Atlanta Braves: Was Dan Uggla's Hot Second Half the Exception or the Rule?

Chris StephensCorrespondent IIApril 18, 2012

ATLANTA, GA - APRIL 17:  Dan Uggla #26 of the Atlanta Braves reacts after scoring against Johan Santana #57 of the New York Mets in the second inning at Turner Field on April 17, 2012 in Atlanta, Georgia.  (Photo by Kevin C. Cox/Getty Images)
Kevin C. Cox/Getty Images

To say Dan Uggla had a horrible first half to the 2011 season would be an understatement. To say he was hot in the second half would be another understatement, too.

So, the question is, was the second half of last season the exception or the rule for Uggla as a Brave?

Before joining Atlanta, Uggla had a .263 career batting average with 154 home runs and 465 RBI.

In his first season in Georgia, the second baseman hit .233 with 36 home runs and 82 RBI, which was a career high in home runs, and career lows in batting average and RBI.

During the first half of the year, Uggla was batting .185 with 15 home runs and 34 RBI, while in the second half, he batted .296 with 21 home runs and 48 RBI.

The second baseman has a history of struggling at the beginning of the season, which was why the Braves didn't panic early last year.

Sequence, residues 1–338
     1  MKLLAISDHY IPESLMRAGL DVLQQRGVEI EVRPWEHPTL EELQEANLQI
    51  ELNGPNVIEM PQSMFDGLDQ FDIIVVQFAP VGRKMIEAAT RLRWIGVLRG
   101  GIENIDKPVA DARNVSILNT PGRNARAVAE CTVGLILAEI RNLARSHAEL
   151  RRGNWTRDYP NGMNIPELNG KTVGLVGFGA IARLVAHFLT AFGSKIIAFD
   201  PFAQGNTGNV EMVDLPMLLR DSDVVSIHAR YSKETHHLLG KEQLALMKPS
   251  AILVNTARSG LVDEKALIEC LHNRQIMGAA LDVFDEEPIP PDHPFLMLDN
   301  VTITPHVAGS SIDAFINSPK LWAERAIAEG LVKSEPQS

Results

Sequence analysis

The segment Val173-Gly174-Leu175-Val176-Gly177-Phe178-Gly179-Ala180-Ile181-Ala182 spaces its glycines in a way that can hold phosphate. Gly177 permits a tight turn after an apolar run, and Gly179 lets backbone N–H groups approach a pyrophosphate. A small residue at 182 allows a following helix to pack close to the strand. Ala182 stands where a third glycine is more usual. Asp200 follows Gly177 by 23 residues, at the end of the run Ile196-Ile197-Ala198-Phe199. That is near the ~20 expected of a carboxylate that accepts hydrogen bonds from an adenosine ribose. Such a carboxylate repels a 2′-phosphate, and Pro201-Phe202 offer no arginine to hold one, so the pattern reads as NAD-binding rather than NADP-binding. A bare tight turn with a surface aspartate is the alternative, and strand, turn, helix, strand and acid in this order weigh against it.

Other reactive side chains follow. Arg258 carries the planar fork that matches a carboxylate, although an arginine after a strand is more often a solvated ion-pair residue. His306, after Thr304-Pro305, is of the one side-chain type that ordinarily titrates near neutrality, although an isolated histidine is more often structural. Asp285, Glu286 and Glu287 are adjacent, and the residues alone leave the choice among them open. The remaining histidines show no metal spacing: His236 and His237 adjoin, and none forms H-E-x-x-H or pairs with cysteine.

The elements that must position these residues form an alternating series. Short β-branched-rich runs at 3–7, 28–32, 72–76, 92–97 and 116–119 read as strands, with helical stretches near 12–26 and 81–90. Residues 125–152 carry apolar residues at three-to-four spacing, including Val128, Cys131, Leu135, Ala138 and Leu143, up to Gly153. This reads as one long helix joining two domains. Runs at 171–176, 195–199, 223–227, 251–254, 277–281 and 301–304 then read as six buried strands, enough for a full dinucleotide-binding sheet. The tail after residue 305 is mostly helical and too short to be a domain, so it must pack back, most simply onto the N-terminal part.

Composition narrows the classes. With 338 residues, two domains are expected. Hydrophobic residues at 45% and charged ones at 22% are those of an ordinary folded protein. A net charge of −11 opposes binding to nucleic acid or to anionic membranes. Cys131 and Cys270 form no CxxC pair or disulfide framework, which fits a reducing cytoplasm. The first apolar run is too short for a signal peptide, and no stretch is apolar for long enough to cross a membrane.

Now, Uggla is again struggling at the beginning of the season, batting .195 with four RBI and Braves fans are now panicking.

So, is it the exception or the rule? Did the Braves make a mistake by trading for and signing Uggla?

In my opinion, no.

While Uggla's weaknesses at the plate can be overblown, you don't hear the same being said about the Orioles' Mark Reynolds.

Known as a guy who either strikes out or hits the ball far, Reynolds is a true power hitter. Uggla falls into that same category (sort of) as the numbers look the same.

However, Uggla isn't striking out near as much. Hovering around 150 strikeouts per year, Uggla is making contact in the early going, it's just going to a fielder.

So, was Uggla's second half the exception or the rule?

It was both.

It's the exception when it comes to the first half of the season, while it's the rule when it comes to the second half.

Uggla will continue to struggle in the first half, but succeed in the second half as his history suggets.

And, for a team that had a major collapse last year in the playoff run, it will need one of its best players hitting late in the season.

Remember, the Braves essentially traded Omar Infante for Uggla, giving the team more right-handed power in a left-handed heavy lineup.

And, I ask you this, would you trade Uggla's power for the average of Infante?

So, does it really matter if last year's second half was the exception or the rule?

As long as Uggla hits 35 or more home runs, then I'm happy.


Chris Stephens is a Featured Columnist for the Atlanta Braves on Bleacher Report. You can follow him on Twitter @chris_stephens6.